A cross-bill is a defence. How can it be pretended that a plaintiff should not be permitted to admit, in his answer to a cross-bill, that he consents to the claim of the defendant, and to pray that the specific performance, insisted on by the defendant, may be ordered by the court, with such directions as the true nature of the contract requires? This is what Barrow said, in his answer to the cross-bill. He stated the same thing in his petition. That petition may have been, and probably was, superfluous; but it was not that petition, but Bisland's answer and cross-bill, which changed the issue, by averring his readiness to comply with the contract of November 9, 1842. Nay, if Barrow had been entirely silent, the specific performance of that contract would have been ordered under the cross-bill, in the absence of any evidence justifying its rescission.
These proceedings were not only conformable to practice, but imperiously dictated by circumstances, and the only ones which could be had. We shall prove this, and conclude this brief with some remarks showing the true position of the parties.
When the contract of November 9, 1842, was made, the complainant was the holder of the notes of Thomas R. Shields, to the amount of $119,956.35, the whole of which were indorsed by William Bisland, the most responsible of the defendants. Of these notes, $64,000 were then overdue, and Barrow had brought suits on them against Bisland. By the act of November 9, 1842, these notes were to be given up by Barrow, and the two suits against Bisland discontinued. Thomas R. Shields was to return the property, and to be released from all further liability; and Barrow was to receive, besides, $32,000, of which Bisland was to contribute $10,000. Bisland was, moreover, Thomas R. Shields's judgment creditor, in the sum of $47,374.35. Bisland, who might, perhaps, have been able to pay the $10,000 without inconvenience, might have been ruined by a judgment of $119,958.25, with ten per cent. interest, during the extraordinary depreciation of property and prostration of credit then existing in Louisiana. He was, therefore, greatly interested in securing the specific performance of the act of November 9, 1842, which afforded greater relief to him than to any other party.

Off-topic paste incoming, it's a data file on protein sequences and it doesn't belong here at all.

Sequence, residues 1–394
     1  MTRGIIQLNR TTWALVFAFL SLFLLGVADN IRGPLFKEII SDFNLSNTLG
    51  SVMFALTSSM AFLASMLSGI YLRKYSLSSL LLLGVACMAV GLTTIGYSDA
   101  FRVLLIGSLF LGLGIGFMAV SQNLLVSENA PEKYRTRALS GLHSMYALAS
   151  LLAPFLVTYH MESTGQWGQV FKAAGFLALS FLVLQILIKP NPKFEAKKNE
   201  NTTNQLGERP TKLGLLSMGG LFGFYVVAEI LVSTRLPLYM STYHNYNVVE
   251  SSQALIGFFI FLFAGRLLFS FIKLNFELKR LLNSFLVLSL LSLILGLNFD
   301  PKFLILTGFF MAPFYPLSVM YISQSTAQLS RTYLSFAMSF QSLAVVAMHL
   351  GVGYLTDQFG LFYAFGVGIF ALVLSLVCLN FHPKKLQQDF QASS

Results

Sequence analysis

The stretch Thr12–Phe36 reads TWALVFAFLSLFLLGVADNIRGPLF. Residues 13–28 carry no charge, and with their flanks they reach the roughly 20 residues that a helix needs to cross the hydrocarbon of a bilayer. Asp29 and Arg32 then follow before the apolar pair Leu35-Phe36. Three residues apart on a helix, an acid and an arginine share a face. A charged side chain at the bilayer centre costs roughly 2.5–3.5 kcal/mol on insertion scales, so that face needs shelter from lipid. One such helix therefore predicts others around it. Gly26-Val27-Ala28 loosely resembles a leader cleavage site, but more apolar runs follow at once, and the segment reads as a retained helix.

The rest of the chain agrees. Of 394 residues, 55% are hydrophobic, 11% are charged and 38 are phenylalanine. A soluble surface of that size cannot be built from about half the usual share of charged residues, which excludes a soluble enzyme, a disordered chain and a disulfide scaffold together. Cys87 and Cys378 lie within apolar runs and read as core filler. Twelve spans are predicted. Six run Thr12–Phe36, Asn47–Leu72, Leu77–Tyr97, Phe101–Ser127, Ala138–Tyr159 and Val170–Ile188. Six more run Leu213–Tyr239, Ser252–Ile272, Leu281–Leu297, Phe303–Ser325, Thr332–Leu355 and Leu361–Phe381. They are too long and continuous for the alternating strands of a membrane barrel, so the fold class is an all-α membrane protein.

And when, by his answer and cross-bill, Bisland avowed his willingness to abide by that act, Barrow took him by his word, and in compliance with Bisland's prayer, and without waiting for an order of court, at once dismissed the two suits against him, and deposited in court the notes of Shields, amounting to $119,958.38. It must, also, be observed, that Bisland had obtained an injunction, restraining Barrow from the prosecution of those suits, and from parting with those notes. On the other hand, the notes, amounting to $32,000, at one and two years, which Barrow was to receive under the contract of November 9, 1842, were to remain deposited in the hands of Leufroy Barras, the parish judge and ex officio notary public, before whom that act was passed, until R. R. Barrow should have acquired a title to the property, given up the notes, and released the parties to the act. This title Thomas R. Shields perseveringly and perversely refused to execute, and the aid of the court had to be invoked for it. During the pendency of the suit, Barrow could do no better than to deposit the original notes in court, and discontinue the suits against Bisland. The defendants had flattered themselves that the notes for $32,000 would remain in Terrebonne until after maturity, and without being presented for payment at the Bank of Louisiana, at New Orleans, where they were made payable; a danger which was averted only by the court ordering their removal to the clerk's office, by whose agency they were presented and protested. This was done in opposition to the unreasonable objections of the defendants. An application of the complainant, for the delivery of these notes, was refused by the court, at the instance of the defendants. If he had had possession of these notes, he could have instituted suits on them at law, against the parties thereto. From this he was prevented, by those parties themselves. He was hindered from suing on the original notes, by the injunction of Bisland. With what good grace, with what appearance of equity, do those parties now complain that he did not sue them at law, when they themselves industriously kept him tied up in chancery?
And what, after all, do the appellants contend for, in their elaborate brief? The judgment condemns them, in unequal portions, to pay $32,000 with interest. Of this principal sum, $26,500 are due by the three citizens of Mississippi, who are avowedly properly made parties to the suit: namely, by Mrs. Victoire Shields and William B. Shields, $9,333.33 1/3; and by William Bisland, for himself, $10,000, and as indorser for R. G. Ellis, $6,966.66 2/3. And here we find William Bisland making common cause with the other defendants, when it is clearly his interest that they should be made to abide by the contract which relieves him from his indorsement of $119,918.38, now more than doubled by interest.
To make intelligible the questions decided in this case, an outline of some part of its complicated proceedings must be given. They were begun by a bill in equity, filed in the circuit court of the United States for the eastern district of Louisiana, on the 19th of December, 1842, by Robert R. Barrow, a citizen of the State of Louisiana, against Mrs. Victoire Shields, and by amendment against William Bisland, citizens of the State of Mississippi. The bill stated, that in July, 1836, the complainant sold certain plantations and slaves in Louisiana, to one Thomas R. Shields, who was a citizen of Louisiana, for the sum of $227,000, payable by instalments, the last of which would fall due in March, 1844.